Preparation of the complexes. A solution of HPrR (0.1 mmol) with [PdCl2(MeCN)2] (0.1 mmol) in MeCN was stirred at ambient temperature for 24 h. After this time, one mol equiv. PPh3 (26.2 mg, 0.1 mmol) in MeCN was added. The reaction mixture was stirred at ambient temperature for 24 h. Orange crystals formed for mother solution of 1 were collected by filtration after two days and crystals of 2 were obtained by recrystallization in mixture of DCM[thin space (1/6-em)]:[thin space (1/6-em)]MeOH (1[thin space (1/6-em)]:[thin space (1/6-em)]1).

Data for [PdCl(PPh 3 )(PrCh)] (1) (788.6 g mol−1). Color: orange. Yield: 40 mg (76%). M.P.: decomposes 278–280 °C. IR (νmax/cm−1): 3394 ν(N–H), 1583, 1527 ν(C[double bond, length as m-dash]N) + ν(C[double bond, length as m-dash]C), 1095 ν(P–C), 746 ν(C[double bond, length as m-dash]S). 1H NMR (CD2Cl2): δ 1.05–1.28 (m, 6H, [C with combining low line][h with combining low line]–H), 1.65–1.69 (m, 2H, Ch–H), 2.00–2.03 (m, 2H, Ch–H), 3.48–3.55 (m, 1H, [C with combining low line][H with combining low line]–Ch), 4.64 (s, 1H, [N with combining low line][H with combining low line]–Ch), 7.44–7.53 (m, 9H, PPh3–H), 7.80–7.5 (m, 6H, PPh3–H), 7.99–8.22 (m, 6H, Pr–H), 8.62 (d, 1H, 3J = 8 Hz, Pr–H), 9.15 (d, 3J = 8 Hz, 1H, Pr–H), 9.77 (d, 3J = 4 Hz, 1H, Pr–H). 31P NMR (CDCl3): δ 27.53. 13C NMR (APT, CD2Cl2): δ 24.92 (CH2), 25.63 (CH2), 32.89 (CH2), 55.75 (CH), 123.16 (CH), 123.91 (CH), 124.42 (C), 124.51 (C), 125.27 (C), 126.01 (CH), 126.05 (CH), 126.20 (CH), 127.26 (CH), 128.20 (CH), 128.34 (CH), 128.77 (CH), 128.94 (CH), 129.14 (CH), 129.91 (C), 130.56 (C), 130.63 (C), 131.11 (C), 131.13 (CH), 131.17 (CH), 131.24 (C), 132.73 (C), 134.54 (CH), 134.69 (CH), 150.51 (CH). Anal. Calcd for C42H38ClN3PPdS·H2O: C, 62.53; H, 4.87; N, 5.21%. Found: C, 62.23; H, 4.69; N, 5.11%. IV (νmax/cm−1): 3394 ν(N–H), 1583, 1517 ν(C[double bond, length as m-dash]N) + ν(C[double bond, length as m-dash]C), 1095 ν(P–C), 746 ν(C–S). UV–Vis, CH2Cl2 solution concentration: 9.8 × 10−5 M [λmax (ε, L mol−1 cm−1)]: 400.50 nm (41[thin space (1/6-em)]430), 284.00 nm (32[thin space (1/6-em)]448). MS (ESI+): m/z for C42H38ClN3PPdS [M − Cl]+: calcd 752.1490, found 752.1485. HPLC: Rt = 40.5 min (at 254 nm).

Data for [PdCl(PPh 3 )(PrEt)] (2) (734.59 g mol−1). Color: orange. Yield: 38 mg (52%). M.P.: 215–217 °C. IR (νmax/cm−1): 3356 ν(N–H), 1584, 1527 ν(C[double bond, length as m-dash]N) + ν(C[double bond, length as m-dash]C), 1091 ν(P–C), 756 ν(C[double bond, length as m-dash]S). 1H RMN (CD2Cl2): δ 1.13 (t, 3J = 6.0 Hz, 3H, –CH2[C with combining low line][H with combining low line]3), 3.31 (dq, 3J1 = 6.0 Hz, 3J2 = 3 Hz, 2H, –NH[C with combining low line][H with combining low line]2CH3), 4.82 (s, 1H, [N with combining low line][H with combining low line] –Et), 7.47–7.57 (m, 9H, PPh3–H), 7.78–7.84 (m, 6H, PPh3–H), 8.03–8.27 (m, 8H, Pr–H), 8.56 (d, 3J = 9 Hz, 1H, Pr–H), 9.18 (d, 3J = 9 Hz, 1H, Pr–H), 9.72 (d, 1H, 3J = 6 Hz, 1H, Pr–H). 31P NMR (CD2Cl2): δ 27.56. 13C NMR (APT, CD2Cl2): δ 14.45 (CH3), 41.41 (CH2), 123.17 (CH), 124.02 (CH), 124.41 (C), 125.34 (C), 126.02 (CH), 126.05 (CH), 126.20 (CH), 127.26 (CH), 128.20 (CH), 128.35 (CH), 128.75 (CH), 128.95 (CH), 129.11 (CH), 129.88 (C), 130.56 (C), 130.61 (C), 131.11 (C), 131.15 (CH), 131.18 (CH), 132.72 (C), 134.54 (CH), 134.68 (CH), 150.94 (CH). Anal. Calcd for C38H31ClN3PPdS: C, 62.13; H, 4.25; N, 5.72%. Found: C, 61.51; H, 4.18; N, 5.64%. UV–Vis, CH2Cl2 solution concentration: 5.1 × 10−5 M [λmax (ε, L mol−1 cm−1)]: 408.00 nm (15[thin space (1/6-em)]128), 393.50 nm (15[thin space (1/6-em)]326), 286.50 (13[thin space (1/6-em)]702). MS (ESI+): m/z for C38H31ClN3PPdS [M − Cl]+: calcd 698.1019, found 698.1019. HPLC: Rt = 38.4 min (at 254 nm).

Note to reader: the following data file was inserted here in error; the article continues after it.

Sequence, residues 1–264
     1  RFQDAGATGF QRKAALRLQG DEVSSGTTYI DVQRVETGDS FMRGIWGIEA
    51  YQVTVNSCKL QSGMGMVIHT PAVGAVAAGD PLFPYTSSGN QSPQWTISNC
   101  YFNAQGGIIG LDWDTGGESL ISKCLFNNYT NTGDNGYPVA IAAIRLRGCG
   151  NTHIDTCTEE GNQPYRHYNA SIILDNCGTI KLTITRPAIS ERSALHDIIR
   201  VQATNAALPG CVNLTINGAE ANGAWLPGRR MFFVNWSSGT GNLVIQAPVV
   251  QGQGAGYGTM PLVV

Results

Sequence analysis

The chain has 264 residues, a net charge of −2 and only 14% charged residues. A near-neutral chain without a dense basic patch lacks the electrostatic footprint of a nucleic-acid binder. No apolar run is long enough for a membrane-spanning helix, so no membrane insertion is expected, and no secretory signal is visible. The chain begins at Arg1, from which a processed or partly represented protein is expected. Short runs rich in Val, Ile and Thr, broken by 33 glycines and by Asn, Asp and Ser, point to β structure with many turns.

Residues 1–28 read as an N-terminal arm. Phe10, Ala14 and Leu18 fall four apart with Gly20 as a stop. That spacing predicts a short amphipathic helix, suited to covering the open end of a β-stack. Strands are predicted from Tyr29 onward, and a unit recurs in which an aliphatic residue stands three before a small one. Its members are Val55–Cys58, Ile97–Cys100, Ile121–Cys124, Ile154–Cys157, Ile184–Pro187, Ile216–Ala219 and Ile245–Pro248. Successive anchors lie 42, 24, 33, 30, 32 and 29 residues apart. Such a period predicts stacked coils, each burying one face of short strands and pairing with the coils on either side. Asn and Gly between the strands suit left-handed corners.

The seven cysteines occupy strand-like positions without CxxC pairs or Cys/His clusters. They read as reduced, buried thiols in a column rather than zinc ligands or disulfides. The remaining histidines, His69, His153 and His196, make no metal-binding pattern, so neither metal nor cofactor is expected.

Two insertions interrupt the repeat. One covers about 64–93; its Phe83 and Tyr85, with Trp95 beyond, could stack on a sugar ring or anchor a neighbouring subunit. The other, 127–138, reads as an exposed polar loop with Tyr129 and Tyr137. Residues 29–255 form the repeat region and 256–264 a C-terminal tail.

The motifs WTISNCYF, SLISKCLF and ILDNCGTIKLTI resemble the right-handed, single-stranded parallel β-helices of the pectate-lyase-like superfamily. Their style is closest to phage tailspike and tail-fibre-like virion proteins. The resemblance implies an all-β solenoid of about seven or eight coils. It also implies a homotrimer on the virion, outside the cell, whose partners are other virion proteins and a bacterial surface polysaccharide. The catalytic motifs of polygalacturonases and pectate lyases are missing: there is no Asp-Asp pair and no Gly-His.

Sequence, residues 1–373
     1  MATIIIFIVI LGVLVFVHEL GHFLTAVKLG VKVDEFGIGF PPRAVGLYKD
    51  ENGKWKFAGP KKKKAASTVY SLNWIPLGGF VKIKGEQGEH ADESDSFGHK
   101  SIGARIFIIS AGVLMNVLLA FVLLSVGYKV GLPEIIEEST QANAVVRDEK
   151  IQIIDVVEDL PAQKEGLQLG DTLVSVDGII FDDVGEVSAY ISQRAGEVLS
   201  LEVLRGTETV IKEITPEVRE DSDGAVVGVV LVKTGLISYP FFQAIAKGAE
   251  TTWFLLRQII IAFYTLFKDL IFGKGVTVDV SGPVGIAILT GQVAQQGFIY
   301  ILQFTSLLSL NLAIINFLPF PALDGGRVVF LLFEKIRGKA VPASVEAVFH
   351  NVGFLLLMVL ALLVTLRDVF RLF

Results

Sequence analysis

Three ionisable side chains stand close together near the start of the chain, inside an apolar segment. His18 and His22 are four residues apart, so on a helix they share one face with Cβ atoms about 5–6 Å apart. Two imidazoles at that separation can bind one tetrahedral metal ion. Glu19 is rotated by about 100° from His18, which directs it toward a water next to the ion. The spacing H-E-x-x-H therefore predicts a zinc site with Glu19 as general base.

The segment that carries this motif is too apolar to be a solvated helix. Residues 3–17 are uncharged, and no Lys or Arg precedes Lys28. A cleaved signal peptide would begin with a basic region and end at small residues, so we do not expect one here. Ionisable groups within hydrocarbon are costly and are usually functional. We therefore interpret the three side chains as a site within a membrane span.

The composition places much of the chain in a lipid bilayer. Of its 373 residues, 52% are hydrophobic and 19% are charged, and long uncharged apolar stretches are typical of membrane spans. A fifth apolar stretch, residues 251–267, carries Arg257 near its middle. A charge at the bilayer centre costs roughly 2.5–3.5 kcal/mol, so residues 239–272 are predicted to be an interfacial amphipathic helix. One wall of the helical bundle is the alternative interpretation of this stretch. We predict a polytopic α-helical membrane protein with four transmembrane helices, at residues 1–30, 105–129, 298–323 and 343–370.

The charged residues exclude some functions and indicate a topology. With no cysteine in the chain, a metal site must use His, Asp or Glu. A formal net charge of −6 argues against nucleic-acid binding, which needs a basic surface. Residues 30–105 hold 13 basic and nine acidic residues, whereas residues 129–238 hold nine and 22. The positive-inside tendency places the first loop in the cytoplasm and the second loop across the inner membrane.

Cell culture. A2780 and A2780Cis human ovarian carcinoma cells were obtained from the European Collection of Cell Cultures (ECACC) and used between passages 5 and 18. MRC-5 human fetal lung fibroblasts were also obtained from the same source. All cell lines were grown in Roswell Park Memorial Institute medium (RPMI-1640) supplemented with 10% v/v of fetal calf serum, 1% v/v of 2 mM glutamine and 1% v/v penicillin/streptomycin. They were grown as adherent monolayers at 310 K in a 5% CO2 humidified atmosphere and passaged at approximately 70–80% confluence.
In vitro growth inhibition assay. Briefly, 5000 cells were seeded per well in 96-well plates. The cells were pre-incubated in drug-free media at 310 K for 48 h before adding different concentrations of test compounds. Stock solutions of the PdII complexes were firstly prepared in 5% DMSO (v/v) and a mixture 0.9% saline and RPMI-1640 medium (1[thin space (1/6-em)]:[thin space (1/6-em)]1) (v/v) following serial dilutions in RPMI-1640. The drug exposure period was 24 h. After this, supernatants were removed by suction and each well was washed with PBS. The cells were allowed to recover for a further 72 h in drug-free medium at 310 K. The SRB assay was used to determine cell viability.49 Absorbance measurements of the solubilized dye (on a BioRad iMark microplate reader using a 470 nm filter) allowed the determination of viable treated cells compared to untreated controls. IC50 values were determined as duplicates of triplicates in two independent sets of experiments and their standard deviations were calculated.